Birth, Babies, and Beyond

Pregnancy, birth, and parenting

The Best Toy Ever

Sometimes the most creative activities are the most simple

The most creative kid-activity ever was invented in 1961 by none other than my mother. We lived then in Yonkers, New York-a suburb of New York City in the days when there was no such thing as DVDs or video games. (Though I had my share of Barbie dolls). In the corner of our backyard was a huge boulder, something that I'm sure could not be budged out of the yard when my parents moved in. But instead of griping about the space it occupied, my mother turned this rock into a pedestal of thinking. Yes, whenever we complained of boredom, or when I started annoying my older brother or sister, my mother would say: "Why don't you go sit on the thinking rock." She told us-and we all believed-that when you sat on the rock and really tried hard, great thoughts came into your head.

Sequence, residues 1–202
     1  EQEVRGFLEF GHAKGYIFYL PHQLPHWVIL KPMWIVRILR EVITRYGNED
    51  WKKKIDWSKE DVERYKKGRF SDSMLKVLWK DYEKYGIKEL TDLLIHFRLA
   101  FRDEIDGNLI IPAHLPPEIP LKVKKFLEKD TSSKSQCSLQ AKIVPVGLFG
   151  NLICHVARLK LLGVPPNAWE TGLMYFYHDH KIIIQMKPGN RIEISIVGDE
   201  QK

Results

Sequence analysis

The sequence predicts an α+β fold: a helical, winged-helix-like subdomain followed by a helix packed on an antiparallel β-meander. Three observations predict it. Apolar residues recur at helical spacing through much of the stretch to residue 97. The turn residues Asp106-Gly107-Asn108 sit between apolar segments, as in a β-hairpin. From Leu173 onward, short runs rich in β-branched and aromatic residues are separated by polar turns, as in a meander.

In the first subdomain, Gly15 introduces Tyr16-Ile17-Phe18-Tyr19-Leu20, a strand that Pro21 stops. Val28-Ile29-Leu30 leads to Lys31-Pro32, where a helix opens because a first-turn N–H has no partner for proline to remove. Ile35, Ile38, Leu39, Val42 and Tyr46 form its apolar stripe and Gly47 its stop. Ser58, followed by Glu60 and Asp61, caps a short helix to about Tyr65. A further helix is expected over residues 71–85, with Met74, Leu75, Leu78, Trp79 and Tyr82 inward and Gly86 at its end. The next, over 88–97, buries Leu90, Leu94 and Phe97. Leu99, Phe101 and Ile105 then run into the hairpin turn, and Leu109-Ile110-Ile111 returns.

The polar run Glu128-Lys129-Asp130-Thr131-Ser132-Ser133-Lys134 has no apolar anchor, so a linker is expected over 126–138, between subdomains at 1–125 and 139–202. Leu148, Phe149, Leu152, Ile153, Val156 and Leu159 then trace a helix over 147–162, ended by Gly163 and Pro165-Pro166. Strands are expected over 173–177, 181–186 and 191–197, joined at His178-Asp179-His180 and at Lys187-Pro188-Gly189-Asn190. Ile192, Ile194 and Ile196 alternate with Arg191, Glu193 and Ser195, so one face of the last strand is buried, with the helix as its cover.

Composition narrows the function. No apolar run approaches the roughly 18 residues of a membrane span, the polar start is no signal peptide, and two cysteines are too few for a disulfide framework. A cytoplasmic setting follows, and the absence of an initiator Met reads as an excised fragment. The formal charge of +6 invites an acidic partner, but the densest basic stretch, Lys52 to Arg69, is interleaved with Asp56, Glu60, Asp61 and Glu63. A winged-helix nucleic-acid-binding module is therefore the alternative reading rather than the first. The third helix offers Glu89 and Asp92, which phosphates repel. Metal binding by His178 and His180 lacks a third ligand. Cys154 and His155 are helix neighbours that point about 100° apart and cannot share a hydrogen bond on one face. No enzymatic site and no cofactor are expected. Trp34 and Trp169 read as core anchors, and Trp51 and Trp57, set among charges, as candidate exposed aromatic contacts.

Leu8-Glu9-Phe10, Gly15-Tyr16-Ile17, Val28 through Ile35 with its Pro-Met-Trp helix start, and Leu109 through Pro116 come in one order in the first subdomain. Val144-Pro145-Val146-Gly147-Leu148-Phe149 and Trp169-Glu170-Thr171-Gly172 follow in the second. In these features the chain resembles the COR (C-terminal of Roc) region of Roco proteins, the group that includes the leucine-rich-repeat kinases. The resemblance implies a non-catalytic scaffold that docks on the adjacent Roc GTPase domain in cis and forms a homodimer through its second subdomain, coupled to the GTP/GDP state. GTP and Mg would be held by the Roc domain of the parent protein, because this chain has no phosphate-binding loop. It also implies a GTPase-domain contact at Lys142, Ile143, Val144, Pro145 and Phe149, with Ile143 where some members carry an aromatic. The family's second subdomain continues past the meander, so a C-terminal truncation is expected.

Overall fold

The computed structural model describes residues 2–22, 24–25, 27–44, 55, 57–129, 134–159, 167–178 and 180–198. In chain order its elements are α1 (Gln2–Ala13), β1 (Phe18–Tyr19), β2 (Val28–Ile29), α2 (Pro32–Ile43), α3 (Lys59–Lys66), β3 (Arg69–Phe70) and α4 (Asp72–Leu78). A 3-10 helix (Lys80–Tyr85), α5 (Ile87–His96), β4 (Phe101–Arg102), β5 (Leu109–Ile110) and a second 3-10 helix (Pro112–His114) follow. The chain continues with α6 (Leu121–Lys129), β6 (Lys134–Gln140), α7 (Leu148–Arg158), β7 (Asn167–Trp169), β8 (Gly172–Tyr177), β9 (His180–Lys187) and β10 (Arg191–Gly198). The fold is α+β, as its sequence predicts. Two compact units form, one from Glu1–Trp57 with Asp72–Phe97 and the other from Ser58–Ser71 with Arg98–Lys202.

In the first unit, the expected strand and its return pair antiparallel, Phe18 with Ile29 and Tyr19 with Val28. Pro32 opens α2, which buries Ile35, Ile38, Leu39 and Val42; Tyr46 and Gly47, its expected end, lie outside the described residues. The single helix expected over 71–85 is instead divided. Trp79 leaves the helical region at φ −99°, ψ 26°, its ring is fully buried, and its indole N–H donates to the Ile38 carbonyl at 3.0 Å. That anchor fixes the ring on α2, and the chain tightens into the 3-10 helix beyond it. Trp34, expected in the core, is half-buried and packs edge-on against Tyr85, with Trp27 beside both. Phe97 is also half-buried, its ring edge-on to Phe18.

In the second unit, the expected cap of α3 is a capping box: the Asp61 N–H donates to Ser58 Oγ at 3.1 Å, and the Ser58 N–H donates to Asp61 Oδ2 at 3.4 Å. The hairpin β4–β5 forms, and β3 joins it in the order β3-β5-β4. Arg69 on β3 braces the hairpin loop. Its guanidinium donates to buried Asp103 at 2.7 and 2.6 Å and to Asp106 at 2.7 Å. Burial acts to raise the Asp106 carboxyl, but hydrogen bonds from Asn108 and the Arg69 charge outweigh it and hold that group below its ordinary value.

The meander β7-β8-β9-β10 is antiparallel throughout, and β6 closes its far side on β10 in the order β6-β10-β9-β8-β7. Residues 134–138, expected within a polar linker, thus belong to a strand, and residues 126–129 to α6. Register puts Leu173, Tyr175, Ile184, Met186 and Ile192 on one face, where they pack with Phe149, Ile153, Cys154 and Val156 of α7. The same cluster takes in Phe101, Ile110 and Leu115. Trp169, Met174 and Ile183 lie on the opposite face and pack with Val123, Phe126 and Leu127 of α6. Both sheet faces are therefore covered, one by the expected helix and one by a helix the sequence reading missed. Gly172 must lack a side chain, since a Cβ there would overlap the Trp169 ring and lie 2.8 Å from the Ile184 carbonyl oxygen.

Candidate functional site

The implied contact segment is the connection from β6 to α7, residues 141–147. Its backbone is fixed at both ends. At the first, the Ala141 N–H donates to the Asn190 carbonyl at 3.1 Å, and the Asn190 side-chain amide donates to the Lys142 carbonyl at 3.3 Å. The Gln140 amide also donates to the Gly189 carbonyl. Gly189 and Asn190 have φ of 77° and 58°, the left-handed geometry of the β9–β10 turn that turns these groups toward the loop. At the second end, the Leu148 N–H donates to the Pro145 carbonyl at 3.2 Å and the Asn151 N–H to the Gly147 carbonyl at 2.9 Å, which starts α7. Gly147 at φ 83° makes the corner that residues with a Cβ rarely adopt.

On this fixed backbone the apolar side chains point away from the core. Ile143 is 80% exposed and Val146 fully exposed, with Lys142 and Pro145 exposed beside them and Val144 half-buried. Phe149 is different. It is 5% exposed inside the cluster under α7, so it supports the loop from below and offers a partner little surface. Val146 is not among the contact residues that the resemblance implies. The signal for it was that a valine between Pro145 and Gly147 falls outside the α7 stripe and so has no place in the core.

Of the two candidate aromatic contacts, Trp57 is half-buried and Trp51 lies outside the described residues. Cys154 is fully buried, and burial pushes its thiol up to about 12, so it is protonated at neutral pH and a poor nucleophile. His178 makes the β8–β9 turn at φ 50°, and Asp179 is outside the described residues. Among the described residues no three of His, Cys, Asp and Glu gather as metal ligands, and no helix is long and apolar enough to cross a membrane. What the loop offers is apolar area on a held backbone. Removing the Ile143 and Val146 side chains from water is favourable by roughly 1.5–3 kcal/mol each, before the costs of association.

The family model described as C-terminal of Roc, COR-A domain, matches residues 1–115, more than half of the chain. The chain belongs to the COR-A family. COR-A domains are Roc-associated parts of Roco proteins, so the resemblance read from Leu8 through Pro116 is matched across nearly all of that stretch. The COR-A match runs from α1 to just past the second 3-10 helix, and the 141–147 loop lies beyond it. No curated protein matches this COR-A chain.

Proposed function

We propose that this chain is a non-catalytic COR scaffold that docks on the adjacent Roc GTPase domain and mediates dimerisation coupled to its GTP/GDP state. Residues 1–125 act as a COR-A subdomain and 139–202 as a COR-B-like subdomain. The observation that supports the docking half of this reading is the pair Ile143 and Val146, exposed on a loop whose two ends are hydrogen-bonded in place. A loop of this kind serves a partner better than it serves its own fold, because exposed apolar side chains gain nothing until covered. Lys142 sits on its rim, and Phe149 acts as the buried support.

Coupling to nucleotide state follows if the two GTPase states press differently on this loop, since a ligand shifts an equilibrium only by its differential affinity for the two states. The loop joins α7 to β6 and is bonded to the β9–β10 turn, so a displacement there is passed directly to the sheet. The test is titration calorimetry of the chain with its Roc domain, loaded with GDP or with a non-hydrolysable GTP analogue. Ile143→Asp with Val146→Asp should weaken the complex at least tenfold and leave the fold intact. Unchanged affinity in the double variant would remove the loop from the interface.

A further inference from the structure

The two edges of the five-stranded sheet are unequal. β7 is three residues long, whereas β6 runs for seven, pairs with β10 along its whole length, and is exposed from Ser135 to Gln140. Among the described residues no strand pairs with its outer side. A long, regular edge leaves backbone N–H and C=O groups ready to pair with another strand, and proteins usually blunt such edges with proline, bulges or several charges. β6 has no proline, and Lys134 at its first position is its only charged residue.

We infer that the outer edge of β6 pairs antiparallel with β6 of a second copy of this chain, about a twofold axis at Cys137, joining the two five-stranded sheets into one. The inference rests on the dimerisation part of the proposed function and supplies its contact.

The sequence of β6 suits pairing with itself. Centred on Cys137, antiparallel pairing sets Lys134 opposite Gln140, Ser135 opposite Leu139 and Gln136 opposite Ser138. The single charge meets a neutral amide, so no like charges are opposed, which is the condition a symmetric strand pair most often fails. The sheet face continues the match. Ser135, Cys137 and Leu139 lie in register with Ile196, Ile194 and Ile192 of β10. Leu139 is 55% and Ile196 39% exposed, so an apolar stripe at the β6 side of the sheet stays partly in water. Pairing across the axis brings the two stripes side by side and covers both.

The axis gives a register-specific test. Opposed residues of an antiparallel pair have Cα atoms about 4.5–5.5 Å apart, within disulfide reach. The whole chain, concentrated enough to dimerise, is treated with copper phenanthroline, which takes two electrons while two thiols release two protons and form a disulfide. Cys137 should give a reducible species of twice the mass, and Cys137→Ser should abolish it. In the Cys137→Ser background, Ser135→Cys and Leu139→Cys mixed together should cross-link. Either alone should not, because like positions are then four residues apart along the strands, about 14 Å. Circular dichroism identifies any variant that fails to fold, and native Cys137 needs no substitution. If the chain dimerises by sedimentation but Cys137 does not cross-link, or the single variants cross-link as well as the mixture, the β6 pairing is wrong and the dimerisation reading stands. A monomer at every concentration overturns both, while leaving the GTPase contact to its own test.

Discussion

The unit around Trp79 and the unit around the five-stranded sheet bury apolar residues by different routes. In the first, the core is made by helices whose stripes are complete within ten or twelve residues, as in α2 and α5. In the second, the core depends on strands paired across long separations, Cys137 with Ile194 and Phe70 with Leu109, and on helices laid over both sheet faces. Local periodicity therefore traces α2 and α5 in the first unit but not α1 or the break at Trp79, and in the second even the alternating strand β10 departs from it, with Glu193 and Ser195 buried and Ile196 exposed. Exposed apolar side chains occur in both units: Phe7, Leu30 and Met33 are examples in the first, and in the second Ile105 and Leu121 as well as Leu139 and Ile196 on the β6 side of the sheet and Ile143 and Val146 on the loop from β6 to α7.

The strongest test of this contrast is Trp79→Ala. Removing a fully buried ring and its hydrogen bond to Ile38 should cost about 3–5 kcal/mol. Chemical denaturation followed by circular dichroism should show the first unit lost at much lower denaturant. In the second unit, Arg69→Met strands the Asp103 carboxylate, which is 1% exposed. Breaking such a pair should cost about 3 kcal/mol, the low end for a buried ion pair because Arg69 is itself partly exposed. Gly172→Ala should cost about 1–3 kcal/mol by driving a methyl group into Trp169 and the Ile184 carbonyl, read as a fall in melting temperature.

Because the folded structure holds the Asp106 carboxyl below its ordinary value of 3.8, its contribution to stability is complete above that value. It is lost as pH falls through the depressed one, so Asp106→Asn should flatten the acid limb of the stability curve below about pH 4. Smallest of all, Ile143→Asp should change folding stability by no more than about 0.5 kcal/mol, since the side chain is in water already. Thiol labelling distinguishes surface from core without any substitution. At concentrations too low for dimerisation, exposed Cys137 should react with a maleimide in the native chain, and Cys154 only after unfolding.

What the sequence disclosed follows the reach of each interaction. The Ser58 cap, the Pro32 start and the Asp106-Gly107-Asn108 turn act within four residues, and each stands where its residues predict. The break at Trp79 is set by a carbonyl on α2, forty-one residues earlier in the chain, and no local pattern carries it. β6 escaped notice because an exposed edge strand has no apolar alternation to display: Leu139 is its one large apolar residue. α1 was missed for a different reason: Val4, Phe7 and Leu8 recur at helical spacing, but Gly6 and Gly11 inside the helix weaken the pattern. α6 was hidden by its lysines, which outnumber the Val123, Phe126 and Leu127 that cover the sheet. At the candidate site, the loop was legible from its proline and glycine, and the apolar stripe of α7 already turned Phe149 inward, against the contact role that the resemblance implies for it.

My mom got a kick out of staring out of the kitchen window at us as we scrunched up our noses and squinted our eyes-something we instinctively believed pushed those intelligent thoughts to the top. I can't remember any great revelations, but I can remember sitting on that rock. I remember how important it made me feel. And
I remember exactly what it looked like. My mom painted the rock white and in black paint wrote the word: THINK.
I had no idea at the time that my mother had studied child psychology and knew the simple tricks to spark creativity. Maybe her experience as a school teacher taught her that while social skills are important, children also need alone time. Sure we needed play-dates and trips to the local zoo or playground, but we also needed time alone. Time to think. Time to make sense of the world around us.

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Randi Hutter Epstein, M.D., is the author of Get Me Out: A History of Childbirth from the Garden of Eden to the Sperm Bank.

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